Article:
And obviously you don’t need 250,000 markers, let alone all ~3 billion base pairs in the human genome, to distinguish on the level of continental races/populations. A paper in 2002 laid out the parameters. δ is a measure of between population difference on genes.


From the paper:

…we can estimate that about 120 unselected SNPs or 20 highly selected SNPs can distinguish group CA from NA, AA from AS and AA from NA. A few hundred random SNPs are required to separate CA from AA, CA from AS and AS from NA, or about 40 highly selected loci. STRP loci are more powerful and have higher effective δ values because they have multiple alleles. Table 3 reveals that fewer than 100 random STRPs, or about 30 highly selected loci, can distinguish the major racial groups. As expected, differentiating Caucasians and Hispanic Americans, who are admixed but mostly of Caucasian ancestry, is more difficult and requires a few hundred random STRPs or about 50 highly selected loci. These results also indicate that many hundreds of markers or more would be required to accurately differentiate more closely related groups, for example populations within the same racial category.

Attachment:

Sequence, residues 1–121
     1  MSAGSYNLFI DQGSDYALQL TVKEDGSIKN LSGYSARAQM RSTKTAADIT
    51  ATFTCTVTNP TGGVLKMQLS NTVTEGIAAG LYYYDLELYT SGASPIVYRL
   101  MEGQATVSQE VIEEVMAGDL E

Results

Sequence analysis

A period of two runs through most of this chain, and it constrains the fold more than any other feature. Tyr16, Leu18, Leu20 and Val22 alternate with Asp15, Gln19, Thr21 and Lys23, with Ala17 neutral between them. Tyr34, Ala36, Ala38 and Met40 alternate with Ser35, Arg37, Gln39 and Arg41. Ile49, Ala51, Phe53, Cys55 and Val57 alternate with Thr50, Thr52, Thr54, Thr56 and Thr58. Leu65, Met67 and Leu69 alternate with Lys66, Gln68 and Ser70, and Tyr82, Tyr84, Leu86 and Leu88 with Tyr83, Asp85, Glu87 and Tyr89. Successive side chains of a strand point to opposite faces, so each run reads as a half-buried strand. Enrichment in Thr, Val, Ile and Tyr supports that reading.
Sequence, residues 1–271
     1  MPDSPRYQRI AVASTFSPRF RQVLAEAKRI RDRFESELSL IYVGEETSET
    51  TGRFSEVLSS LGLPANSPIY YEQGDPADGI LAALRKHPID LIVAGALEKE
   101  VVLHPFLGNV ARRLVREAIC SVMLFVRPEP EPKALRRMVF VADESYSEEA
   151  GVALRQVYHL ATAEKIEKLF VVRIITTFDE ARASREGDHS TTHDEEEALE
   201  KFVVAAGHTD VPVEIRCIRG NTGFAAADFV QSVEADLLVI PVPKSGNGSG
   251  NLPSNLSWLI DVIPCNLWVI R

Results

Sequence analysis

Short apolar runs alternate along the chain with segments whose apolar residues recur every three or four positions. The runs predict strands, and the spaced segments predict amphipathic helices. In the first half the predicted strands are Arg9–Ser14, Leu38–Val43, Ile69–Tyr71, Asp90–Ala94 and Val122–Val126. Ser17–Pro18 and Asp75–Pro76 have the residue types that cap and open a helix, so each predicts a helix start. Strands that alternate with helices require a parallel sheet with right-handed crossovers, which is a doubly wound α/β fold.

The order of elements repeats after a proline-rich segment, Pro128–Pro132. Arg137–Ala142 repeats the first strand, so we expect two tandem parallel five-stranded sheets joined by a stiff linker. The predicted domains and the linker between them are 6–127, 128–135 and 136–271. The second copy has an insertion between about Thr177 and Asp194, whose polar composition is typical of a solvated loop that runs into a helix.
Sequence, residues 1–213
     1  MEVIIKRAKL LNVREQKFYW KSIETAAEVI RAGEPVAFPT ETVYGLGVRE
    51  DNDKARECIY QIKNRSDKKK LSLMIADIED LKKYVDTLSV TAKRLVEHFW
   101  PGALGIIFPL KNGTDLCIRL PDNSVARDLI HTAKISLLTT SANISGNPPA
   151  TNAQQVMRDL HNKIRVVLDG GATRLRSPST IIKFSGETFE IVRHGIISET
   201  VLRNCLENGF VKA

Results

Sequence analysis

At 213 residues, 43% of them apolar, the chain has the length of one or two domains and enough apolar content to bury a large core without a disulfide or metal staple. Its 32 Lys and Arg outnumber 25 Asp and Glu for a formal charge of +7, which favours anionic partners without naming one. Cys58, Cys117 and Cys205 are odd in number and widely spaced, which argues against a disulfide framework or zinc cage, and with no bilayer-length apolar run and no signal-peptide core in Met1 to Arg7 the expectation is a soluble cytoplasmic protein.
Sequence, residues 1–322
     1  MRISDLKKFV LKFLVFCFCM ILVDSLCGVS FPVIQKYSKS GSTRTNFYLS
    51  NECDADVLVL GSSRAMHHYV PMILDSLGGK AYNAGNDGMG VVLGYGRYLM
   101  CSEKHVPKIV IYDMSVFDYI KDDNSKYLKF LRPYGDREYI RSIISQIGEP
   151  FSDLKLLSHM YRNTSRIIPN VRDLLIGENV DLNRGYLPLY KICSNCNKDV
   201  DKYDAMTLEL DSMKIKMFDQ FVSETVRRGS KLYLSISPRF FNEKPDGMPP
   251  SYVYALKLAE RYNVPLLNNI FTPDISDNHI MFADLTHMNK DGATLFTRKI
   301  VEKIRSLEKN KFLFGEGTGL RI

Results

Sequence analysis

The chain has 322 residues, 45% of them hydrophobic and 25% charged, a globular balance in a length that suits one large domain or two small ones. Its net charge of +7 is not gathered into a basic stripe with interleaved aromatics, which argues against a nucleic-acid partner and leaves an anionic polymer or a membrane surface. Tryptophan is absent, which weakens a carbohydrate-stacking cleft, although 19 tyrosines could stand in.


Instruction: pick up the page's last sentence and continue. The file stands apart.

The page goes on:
The paper was written in 2002. Since then much has changed. Here is an image from a post from last summer:


People within European villages tend to be relatively closely related. Again, it is totally reasonable that given enough markers you could assign individuals to different villages with a high confidence. Concretely, person X may show up in the pedigree of individuals from village 1 ~100 times at a given generation, while the same person may show up in the pedigree of individuals from village 2 ~10 times at a given generation. This isn’t rocket science, the basic logic as to why populations shake out based on geography and endogamy patterns is pretty obvious when you think about it.